The 1953 Orlando Barossa Rhine Riesling was initially rejected by conservative palates with jibes about tank and pressure cooked wines. However, it won at show after show, and public opinion was soon won over. The Barossa white wine revolution had begun. Wolf Blass first made his name in the 1960s at Kaiser Stuhl and then in the 1970s under his own brand with pragmatic but hugely popular Barossa white wines aimed at the growing market of female wine consumers. Peter Lehmann's cheap but classy Rieslings, Chardonnays and Semillons won many fans around the country in the 1980s.
The huge popularity of the Barossa’s white wine
‘moselle’, ‘rhine riesling’ and ‘white burgundy’
the 1970s and early 1980s led to one of the great “D’oh!” moments in the industry – the mid 1980s vine pull scheme. Growers were subsidised to pull out their century old Grenache, Shiraz, Palamino and Mourvedre vines that had been the basis for the region’s reds and fortifieds. The future for the region was meant to lay with Chardonnay !!!! A lot of growers did just that. Fortunately some bucked the trend and have been proven to be right. Chardonnay, which is a pretty robust and hardy variety, was taken up just about everywhere else in Australia, and often with more success.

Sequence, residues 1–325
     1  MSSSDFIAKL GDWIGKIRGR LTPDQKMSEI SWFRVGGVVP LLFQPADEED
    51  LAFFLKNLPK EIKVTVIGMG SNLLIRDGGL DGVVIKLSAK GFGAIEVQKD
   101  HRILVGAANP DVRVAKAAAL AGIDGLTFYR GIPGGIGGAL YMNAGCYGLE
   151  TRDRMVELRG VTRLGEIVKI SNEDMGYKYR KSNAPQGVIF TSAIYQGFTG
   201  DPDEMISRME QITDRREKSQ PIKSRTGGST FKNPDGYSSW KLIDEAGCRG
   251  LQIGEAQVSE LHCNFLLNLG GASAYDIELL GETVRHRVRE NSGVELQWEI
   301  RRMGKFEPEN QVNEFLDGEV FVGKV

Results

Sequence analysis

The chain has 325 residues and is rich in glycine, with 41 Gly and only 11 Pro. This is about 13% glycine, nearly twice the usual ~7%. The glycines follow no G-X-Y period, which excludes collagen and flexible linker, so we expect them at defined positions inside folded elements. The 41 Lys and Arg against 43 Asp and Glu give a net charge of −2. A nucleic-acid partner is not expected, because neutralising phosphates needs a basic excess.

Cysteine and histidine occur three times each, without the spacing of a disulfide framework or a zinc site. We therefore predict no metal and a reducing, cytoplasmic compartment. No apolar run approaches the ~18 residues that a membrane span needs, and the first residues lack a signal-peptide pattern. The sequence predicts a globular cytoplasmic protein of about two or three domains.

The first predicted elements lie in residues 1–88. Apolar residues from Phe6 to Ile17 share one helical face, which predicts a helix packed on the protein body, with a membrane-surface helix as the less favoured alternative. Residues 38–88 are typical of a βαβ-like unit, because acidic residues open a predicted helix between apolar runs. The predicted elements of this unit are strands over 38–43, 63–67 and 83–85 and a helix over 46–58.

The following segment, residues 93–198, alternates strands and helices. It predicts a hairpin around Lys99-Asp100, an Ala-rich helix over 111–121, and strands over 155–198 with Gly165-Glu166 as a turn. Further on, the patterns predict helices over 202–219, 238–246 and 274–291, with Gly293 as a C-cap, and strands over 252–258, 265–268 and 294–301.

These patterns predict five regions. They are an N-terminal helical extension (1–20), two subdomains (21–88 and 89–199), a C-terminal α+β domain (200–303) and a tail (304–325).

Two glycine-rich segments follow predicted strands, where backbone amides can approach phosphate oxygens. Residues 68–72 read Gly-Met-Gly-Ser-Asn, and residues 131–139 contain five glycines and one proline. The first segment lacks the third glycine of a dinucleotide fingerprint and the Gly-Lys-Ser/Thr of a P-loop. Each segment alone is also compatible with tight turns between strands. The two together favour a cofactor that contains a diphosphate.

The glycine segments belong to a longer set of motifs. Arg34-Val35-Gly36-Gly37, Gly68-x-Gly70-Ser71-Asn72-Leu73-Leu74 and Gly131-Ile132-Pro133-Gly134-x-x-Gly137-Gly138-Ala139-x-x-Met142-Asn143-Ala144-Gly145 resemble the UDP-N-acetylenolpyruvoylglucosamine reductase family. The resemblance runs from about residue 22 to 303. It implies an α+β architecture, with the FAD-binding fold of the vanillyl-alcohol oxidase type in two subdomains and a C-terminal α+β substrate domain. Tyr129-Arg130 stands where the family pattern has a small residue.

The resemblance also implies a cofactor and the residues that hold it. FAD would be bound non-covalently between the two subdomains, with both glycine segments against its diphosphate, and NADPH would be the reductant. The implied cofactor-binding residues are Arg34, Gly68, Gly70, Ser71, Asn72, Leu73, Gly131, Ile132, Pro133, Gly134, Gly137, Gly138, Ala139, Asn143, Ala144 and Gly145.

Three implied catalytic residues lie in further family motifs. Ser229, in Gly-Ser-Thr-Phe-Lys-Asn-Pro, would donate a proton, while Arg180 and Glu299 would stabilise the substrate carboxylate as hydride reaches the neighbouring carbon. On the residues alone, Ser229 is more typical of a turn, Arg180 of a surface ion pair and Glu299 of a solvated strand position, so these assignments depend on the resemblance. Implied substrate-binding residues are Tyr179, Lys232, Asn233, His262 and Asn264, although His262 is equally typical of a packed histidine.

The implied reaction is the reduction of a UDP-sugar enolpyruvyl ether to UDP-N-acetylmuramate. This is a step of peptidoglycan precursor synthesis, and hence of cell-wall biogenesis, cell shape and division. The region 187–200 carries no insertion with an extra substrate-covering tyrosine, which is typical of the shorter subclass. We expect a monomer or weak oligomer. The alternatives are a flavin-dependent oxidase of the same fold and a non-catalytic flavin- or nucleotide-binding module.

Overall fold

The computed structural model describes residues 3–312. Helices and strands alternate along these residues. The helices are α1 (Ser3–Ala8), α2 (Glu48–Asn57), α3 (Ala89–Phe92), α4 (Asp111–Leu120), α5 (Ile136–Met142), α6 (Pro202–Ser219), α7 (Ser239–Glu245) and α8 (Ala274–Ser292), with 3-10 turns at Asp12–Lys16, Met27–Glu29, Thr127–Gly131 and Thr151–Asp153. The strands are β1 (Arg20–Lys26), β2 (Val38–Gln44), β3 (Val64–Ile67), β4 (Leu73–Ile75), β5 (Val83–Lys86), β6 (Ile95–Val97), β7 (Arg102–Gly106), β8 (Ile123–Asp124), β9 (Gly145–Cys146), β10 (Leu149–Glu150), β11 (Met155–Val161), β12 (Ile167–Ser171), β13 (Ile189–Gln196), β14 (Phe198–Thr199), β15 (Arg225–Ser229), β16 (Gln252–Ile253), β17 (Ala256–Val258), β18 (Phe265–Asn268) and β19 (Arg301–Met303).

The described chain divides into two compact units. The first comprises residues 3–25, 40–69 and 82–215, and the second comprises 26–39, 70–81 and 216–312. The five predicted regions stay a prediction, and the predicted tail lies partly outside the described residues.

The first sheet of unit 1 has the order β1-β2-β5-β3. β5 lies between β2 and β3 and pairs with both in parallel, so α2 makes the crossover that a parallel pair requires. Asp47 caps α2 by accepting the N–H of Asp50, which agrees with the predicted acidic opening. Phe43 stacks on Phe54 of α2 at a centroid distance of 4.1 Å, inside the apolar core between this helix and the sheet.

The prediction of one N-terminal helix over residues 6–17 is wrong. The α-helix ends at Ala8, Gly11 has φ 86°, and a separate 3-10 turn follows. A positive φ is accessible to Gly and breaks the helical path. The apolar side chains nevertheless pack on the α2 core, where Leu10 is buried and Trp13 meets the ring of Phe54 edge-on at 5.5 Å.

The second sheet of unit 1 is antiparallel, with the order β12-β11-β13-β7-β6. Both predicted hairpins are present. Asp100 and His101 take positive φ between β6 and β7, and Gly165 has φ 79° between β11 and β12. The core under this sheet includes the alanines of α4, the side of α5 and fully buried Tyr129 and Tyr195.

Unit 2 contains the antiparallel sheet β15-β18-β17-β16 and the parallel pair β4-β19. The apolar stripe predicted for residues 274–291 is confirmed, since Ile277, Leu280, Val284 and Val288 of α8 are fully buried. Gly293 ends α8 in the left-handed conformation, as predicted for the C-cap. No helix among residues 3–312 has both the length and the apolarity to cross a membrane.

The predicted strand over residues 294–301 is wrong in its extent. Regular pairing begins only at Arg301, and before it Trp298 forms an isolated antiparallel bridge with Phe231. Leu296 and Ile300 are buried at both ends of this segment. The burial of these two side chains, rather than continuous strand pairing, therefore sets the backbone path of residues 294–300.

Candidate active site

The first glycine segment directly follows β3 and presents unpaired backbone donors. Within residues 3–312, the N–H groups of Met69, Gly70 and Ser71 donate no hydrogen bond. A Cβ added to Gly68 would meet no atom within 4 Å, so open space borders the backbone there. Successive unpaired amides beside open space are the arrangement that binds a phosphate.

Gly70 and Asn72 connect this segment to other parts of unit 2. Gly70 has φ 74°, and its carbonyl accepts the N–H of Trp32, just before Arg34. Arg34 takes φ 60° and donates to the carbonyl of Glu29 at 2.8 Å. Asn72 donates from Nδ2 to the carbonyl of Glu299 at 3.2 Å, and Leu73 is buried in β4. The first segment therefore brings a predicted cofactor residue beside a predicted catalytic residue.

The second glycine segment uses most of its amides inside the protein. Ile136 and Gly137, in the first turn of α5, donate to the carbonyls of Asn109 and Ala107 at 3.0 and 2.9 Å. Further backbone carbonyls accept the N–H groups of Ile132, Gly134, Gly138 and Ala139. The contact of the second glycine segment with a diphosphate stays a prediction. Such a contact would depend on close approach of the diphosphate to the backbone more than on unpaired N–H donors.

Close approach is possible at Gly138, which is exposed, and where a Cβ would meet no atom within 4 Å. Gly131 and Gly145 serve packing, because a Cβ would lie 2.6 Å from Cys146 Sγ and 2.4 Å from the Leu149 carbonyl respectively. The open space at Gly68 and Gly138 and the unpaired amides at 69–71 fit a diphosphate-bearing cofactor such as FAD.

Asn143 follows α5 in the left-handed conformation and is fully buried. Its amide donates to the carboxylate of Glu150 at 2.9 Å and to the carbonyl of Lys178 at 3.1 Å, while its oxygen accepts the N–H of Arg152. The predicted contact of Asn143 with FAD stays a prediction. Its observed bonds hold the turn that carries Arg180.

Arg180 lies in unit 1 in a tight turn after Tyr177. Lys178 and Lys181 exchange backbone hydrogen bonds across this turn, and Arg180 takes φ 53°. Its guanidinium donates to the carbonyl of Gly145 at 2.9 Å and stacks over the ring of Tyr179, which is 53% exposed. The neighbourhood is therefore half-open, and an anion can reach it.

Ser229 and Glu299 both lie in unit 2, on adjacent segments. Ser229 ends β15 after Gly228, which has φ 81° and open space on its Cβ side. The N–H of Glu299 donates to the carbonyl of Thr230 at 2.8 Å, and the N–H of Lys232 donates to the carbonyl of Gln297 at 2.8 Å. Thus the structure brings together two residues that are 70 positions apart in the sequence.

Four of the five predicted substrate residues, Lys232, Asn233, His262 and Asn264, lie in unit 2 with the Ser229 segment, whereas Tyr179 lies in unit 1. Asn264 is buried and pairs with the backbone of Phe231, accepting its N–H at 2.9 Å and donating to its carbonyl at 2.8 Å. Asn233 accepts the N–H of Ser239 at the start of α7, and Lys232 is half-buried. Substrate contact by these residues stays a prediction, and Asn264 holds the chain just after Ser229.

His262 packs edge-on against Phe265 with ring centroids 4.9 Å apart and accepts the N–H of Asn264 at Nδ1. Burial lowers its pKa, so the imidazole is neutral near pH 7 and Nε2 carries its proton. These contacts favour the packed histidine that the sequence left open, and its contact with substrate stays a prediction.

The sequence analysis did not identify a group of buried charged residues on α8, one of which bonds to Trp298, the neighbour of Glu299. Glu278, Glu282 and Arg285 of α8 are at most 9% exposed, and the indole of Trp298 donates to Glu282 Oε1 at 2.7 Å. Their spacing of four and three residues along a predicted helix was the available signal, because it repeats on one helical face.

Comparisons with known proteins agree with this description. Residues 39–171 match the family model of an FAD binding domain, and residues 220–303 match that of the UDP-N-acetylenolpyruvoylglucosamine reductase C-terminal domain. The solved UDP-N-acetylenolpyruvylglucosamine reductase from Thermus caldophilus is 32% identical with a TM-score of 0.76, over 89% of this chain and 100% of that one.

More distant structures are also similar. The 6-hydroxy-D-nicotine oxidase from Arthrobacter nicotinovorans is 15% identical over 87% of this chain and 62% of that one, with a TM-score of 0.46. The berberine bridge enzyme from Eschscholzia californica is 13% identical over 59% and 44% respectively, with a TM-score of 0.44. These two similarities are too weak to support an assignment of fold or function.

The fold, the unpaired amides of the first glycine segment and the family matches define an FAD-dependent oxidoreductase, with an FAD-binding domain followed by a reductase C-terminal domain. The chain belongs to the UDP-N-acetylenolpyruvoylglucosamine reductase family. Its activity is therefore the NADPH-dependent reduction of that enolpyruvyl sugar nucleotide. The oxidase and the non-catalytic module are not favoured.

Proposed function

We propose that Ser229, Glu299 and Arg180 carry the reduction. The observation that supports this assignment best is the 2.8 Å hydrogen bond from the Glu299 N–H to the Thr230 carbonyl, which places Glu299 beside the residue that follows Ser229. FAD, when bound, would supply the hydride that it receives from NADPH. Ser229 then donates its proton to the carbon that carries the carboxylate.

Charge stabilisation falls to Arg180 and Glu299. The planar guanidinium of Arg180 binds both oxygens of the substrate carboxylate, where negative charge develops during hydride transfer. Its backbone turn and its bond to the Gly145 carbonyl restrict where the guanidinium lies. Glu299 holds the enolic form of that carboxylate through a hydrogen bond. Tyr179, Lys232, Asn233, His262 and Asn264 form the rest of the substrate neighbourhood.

Some of the Barossa’s Grenache and Mourvedre vines were saved for fortifieds. A new wave of ‘Young Turk’ wine-makers saw the potential to create a space for boutique wineries in the Barossa making super-premium Shiraz and GSM blends from the surviving ancient vines: Rockford’s ‘Basket Press’, St. Hallett’s ‘Old Block’ and Charles Melton’s ‘Nine Popes’. Some of the Grenache vines are amongst the oldest in the world. The Penfolds Kalimna vineyard also has the Block 42 Cabernet, planted in 1888 and considered to be the oldest surviving Cabernet Sauvignon in the world.
Their efforts have greatly assisted by the USA’s most influential wine critic, Robert Parker jnr, who clearly has a passion for Barossa’s best reds. Parker’s high rankings has meant that the small quantities of wine made from these old vines are able to command massive prices from US wine lovers. The global profile given to the Barossa’s Shirazes and Grenaches has sparked a major boutique winery expansion since the 1990s, even if the vines are often a mere thirty to fifty years old rather than 100+. Torbeck is the main newish winery that has most benefited from the US market for Barossa super-premium old vine reds.